Littoral Combat Ship agonistes
A couple of months ago I wrote a post about challenges facing the US Navy. I was in the Navy for a hitch, a long time ago, and yet still find the Navy and its mission an eradicable point of presence.
I had the opinion that the Navy ought to press forward with one new ship type, the Littoral combat ship (LCS) - Wikipedia, because while it was a troubled purchase I thought there were needs it met. After I finished that post (and when the NYT wrote a big article on the LCS A Smaller Navy Ship With Troubles, but President's Backing - NYTimes.com) I realized two additional things I should have mentioned. One was that what most drove the form factor of the ship was the desire to operate large helicopters from it. The other thing was that people weren't just dubious -- every big program has got the dubious -- there was an extremity of disgruntlement even rabid dislike for this ship. So I decided to revisit whether the LCS program are good ships or bad ships.
One criticism is that the ship is under-gunned. However, it is generally in line with the capabilities of other corvettes, a ship type common in other countries but not traditionally built or operated by the US Navy. It is; though, not comparable with the best of these, nor with any frigates, a larger ship-type it shares size and overall ambition with. This is significant because its unit cost now equals that of a frigate, and the LCS program was conceived as replacing a line of generally successful frigate classes for the US Navy.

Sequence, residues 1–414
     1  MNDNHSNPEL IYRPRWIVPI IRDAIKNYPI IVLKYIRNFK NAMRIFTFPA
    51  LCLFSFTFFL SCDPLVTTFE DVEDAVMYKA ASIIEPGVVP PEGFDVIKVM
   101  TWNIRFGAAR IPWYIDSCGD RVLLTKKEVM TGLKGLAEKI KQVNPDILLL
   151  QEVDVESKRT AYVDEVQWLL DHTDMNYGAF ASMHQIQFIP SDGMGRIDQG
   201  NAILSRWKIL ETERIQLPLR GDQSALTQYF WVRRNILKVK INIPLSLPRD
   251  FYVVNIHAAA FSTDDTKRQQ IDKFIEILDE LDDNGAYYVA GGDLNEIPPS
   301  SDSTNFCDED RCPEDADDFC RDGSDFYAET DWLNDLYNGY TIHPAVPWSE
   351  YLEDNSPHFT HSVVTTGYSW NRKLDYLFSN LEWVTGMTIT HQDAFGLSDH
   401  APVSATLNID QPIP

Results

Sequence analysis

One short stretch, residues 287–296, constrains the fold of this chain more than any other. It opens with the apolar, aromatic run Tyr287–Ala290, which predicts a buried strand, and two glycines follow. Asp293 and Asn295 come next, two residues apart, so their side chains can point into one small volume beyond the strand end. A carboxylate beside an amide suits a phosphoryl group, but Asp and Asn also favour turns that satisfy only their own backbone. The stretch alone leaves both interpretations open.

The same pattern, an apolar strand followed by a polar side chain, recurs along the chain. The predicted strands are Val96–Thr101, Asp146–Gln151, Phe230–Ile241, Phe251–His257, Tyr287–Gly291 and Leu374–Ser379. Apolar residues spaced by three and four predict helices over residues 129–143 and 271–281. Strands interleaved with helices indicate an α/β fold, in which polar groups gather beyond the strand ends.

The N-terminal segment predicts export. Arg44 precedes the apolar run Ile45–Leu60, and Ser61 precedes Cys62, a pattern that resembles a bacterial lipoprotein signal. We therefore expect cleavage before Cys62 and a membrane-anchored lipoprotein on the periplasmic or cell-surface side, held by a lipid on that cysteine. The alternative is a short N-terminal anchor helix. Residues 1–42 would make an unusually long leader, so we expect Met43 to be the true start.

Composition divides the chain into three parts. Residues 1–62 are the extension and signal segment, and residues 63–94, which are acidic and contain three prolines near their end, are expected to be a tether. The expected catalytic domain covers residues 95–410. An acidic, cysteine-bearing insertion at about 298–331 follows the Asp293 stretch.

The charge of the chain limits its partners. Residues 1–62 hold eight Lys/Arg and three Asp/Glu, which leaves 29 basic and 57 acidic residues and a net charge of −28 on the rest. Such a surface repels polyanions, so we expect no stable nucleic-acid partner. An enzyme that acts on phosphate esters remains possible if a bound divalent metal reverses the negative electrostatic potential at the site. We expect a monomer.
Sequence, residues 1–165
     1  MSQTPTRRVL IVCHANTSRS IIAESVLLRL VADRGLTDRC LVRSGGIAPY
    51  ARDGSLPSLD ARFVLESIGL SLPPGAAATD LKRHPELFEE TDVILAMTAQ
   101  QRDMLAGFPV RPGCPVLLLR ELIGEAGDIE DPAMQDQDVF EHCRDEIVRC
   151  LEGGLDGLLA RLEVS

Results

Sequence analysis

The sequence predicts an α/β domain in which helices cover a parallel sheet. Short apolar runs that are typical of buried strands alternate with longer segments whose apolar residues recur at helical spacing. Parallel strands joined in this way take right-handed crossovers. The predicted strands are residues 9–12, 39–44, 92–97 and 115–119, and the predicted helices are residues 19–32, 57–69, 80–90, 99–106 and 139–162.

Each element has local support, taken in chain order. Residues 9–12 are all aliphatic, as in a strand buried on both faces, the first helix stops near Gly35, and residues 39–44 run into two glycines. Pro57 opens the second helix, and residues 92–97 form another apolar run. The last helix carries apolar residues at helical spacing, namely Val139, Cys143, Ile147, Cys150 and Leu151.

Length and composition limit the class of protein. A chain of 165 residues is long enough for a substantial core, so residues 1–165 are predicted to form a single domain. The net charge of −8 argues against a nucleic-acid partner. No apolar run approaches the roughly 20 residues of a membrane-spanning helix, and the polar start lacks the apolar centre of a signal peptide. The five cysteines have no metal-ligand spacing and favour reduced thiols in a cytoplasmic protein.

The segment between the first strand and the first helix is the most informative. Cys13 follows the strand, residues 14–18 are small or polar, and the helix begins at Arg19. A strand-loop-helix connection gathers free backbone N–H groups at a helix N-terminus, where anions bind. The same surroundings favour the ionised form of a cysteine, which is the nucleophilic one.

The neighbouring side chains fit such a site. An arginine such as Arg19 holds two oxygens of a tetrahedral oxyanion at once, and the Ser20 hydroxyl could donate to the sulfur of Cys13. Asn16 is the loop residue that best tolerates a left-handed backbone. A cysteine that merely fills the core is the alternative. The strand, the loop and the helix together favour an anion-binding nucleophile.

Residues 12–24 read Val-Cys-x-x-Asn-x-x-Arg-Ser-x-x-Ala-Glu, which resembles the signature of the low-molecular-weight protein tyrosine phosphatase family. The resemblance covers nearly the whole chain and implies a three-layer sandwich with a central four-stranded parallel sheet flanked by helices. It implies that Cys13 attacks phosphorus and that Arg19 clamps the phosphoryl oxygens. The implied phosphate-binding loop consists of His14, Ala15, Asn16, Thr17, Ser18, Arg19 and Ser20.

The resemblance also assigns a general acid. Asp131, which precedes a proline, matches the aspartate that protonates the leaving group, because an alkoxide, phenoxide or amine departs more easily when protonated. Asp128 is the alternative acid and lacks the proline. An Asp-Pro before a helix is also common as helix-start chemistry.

Comments swirled that the US's military industrial complex is not building ships of the same quality that other nations can. It's worth noting that for many other countries a ship this size is a capital ship and more care is present in their design and manufacture. There is the also the criticism that the small size leaves fundamental defensive gaps, in anti-air warfare (AAW) particularly. It does not carry the standard area air defense missile. And it also relies on towed sonar arrays rather than sonar integral to the hull. It cannot listen persistently for enemy submarines.
It may be helpful to put up a small table of comparisons to make some of these issues clearer. Listed first is the LCS, then the frigate it is in part replacing followed by the US fleet mainstay the Arleigh Burke DDG. Then a section of comparable frigates operated by other Navies, last an additional section of ships that were specifically compared to the LCS in a Navy postgraduate school thesis. The table is for orientation purposes only, a sketch of key features. I have used the primary weapons as a stand-in for the more complex topic of the sensor and data systems necessary to identify and hit targets. Fire-control systems generally correlate with the weapons installed. Bolting a standard missile launcher to a corvette accomplishes little without upgrading to a SPY-1k or similar radar system to guide it.
Comparisons among light warship types
|| Mk-3/110 57 mm gun, Mk-44 30mm chain gun, Mk-50 Torpedo, AGM-175 guided missile
||RIM-116 Rolling Airframe Missiles
||2 MH-60R/S Seahawks, MQ-8 Fire Scout +Hanger
||$670 (cw/cyclone class PC $31) |
||Oto Melera 76mm gun, Mk-38 25mm, Mk 60 Torpedo
||SH 60 Seahawk +Hanger
|| $650 (2009$)
||Mk-41 vls: Rim-66 , BGM-109, RUM-139, Mk-45 127mm, 25mm gun ||Rim-66, RIM-161, RIM-174, RIM-162, 20mm Phalanx